In response to a recent study that found young people are suffering from greater stress than other generations, Boston University officials said they are working hard to recognize and minimize stress on campus.
“Depending on the disorder, stress can influence mental health, with hypertension for example,” said Todd Falchione of BU’s Center for Anxiety and Related Disorders. “If the stressors aren’t dealt with then that’s problematic. It’s normal to have stress for a short period of time, but for chronic stress, that could lead to many more problems.”
Thirty-five percent of people nationwide reported increased stress levels between August 2011 and August 2012, according to a study published Thursday by Stress in America, a branch of the American Psychological Association. People between the ages of 18 and 33 had a higher average level of stress than other age groups.
While the average stress level, measured on a 10-point scale, was reported to be 4.9, the average stress level for young people — commonly referred to as Millennials — was 5.4, according to the study.
Of the total survey respondents, 1,424 of the 2,020 reported suffering from one or more physical heath problems related to stress disorders, such as diabetes, cancer, heart disease, heart attacks, high blood pressure, depression, anxiety and obesity, according to the study.
Falchione said BU’s CARD helps individuals of all ages with anxiety disorders and associated symptoms by providing treatments and research.
In today’s economic and political climate, increases in resource prices and decreases in job opportunities and pay can cause youths great levels of stress, Falchione said.
“There is truly an economic crisis,” Falchione said. “People are not finding jobs, and you have these successive generations of graduates and more people looking … That particular age group is going to suffer even more because of this.”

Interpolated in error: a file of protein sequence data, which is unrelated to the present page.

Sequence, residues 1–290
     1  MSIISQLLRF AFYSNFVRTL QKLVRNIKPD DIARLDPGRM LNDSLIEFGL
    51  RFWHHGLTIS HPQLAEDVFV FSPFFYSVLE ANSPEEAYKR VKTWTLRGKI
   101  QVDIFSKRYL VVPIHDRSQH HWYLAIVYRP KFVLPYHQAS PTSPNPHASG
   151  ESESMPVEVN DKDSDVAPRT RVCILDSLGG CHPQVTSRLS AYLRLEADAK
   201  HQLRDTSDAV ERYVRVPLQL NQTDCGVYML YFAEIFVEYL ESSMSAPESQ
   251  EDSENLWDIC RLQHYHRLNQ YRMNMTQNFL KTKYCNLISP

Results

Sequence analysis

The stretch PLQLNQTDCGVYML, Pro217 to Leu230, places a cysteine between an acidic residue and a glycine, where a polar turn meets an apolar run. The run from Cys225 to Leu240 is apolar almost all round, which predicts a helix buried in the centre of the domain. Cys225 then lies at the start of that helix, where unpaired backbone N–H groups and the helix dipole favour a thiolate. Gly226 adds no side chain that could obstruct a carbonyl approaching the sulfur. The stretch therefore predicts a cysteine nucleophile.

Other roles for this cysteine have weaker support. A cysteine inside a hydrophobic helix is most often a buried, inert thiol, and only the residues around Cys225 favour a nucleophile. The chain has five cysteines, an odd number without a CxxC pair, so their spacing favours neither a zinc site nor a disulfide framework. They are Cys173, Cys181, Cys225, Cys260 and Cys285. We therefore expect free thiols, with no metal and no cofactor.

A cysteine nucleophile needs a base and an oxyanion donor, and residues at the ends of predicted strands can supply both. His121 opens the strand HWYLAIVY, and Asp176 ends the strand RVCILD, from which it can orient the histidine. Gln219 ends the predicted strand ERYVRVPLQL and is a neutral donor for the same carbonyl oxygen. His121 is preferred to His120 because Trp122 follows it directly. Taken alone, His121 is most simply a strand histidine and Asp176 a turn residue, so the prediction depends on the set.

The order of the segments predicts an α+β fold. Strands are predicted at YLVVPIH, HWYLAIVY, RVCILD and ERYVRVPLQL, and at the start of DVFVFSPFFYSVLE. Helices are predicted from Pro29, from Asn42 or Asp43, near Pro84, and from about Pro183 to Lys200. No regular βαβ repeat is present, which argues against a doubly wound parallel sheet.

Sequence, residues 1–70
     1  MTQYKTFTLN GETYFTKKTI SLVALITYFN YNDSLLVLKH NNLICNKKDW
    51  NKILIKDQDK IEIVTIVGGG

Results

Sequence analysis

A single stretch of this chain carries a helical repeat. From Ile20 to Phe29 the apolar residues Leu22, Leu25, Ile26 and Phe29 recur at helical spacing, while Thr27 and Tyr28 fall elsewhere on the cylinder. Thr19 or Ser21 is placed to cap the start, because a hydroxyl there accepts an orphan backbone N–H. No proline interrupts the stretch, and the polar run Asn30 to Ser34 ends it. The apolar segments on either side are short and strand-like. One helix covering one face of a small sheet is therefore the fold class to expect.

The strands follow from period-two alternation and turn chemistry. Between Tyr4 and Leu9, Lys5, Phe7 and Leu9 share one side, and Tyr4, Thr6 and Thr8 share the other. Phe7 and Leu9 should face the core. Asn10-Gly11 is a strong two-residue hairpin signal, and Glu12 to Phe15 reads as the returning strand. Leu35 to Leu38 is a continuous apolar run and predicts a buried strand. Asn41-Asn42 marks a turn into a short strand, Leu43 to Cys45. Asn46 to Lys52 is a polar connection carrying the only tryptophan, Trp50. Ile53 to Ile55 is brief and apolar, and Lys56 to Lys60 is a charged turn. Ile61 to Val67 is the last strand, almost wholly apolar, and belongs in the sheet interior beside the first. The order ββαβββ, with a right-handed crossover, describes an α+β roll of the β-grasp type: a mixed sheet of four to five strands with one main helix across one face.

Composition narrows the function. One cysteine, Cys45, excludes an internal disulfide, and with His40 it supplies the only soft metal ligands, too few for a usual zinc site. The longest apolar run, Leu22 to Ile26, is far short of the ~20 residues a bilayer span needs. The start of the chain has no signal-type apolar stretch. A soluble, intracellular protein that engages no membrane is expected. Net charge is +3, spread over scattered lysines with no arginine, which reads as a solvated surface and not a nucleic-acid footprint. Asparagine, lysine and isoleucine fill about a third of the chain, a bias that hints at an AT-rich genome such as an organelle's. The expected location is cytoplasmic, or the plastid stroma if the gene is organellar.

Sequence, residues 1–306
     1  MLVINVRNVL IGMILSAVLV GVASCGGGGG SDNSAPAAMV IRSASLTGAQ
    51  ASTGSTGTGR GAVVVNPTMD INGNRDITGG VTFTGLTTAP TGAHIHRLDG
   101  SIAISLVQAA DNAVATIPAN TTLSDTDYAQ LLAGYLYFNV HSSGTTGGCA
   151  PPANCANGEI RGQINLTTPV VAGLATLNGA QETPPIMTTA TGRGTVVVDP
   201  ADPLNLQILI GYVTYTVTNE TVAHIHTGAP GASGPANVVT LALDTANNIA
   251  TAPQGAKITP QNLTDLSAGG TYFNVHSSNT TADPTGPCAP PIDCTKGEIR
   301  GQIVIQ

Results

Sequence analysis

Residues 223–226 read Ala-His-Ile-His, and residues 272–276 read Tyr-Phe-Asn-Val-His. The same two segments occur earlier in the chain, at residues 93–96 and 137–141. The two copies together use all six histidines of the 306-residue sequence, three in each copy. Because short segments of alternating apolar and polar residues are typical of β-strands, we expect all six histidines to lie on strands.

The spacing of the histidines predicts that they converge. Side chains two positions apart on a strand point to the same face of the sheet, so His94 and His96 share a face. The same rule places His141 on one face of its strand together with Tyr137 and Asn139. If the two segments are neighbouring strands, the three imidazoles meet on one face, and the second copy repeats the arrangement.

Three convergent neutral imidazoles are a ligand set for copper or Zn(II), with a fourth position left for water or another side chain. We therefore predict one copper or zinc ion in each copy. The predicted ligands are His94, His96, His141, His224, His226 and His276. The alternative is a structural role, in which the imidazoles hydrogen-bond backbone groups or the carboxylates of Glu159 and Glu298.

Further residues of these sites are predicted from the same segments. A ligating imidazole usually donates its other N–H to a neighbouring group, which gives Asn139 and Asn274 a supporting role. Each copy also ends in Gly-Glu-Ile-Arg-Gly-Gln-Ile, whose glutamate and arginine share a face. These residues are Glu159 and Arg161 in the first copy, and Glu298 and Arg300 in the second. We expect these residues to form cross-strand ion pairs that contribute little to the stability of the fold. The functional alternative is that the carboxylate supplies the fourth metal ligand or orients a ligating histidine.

Coordinator for the Office of Wellness and Prevention Services Katharine Mooney said there are several on-campus resources available to BU students who feel overstressed.
“We provide group workshops and student ambassadors as peer educators and stress buddies to help students identify their stress and effectively manage it,” Mooney said.
Mooney said Student Health Services offers stress management advice, including fact sheets, clips, podcasts related to stress and mental health and blog posts on SpreadtheHealthBU.com.
“We have dozens of web-based resources on stress management on the SHS website,” she said. “We also partnered with Mugar [Memorial Library] during finals to help with their dog therapy event.”
Bora Yavuz, a School of Management freshman, said some students overload on clubs and extracurricular commitments on top of their classes to build their resumes, which causes them stress.
“It just depends on how much you enjoy it and the belief that it’ll benefit you in the future,” Yavuz said. “You shouldn’t overload and do more than you know you can, though.”
Kirsten Johnson, a College of Communication junior, said since BU supplies students with stress management resources, it is up to the students to reach out for help.
“I know people who want to go to SHS for stress but they just don’t have the time,” she said. “Taking a break, even if only for half an hour, to watch a show or meet with friends can help with stress. Just schedule down time to be with people.”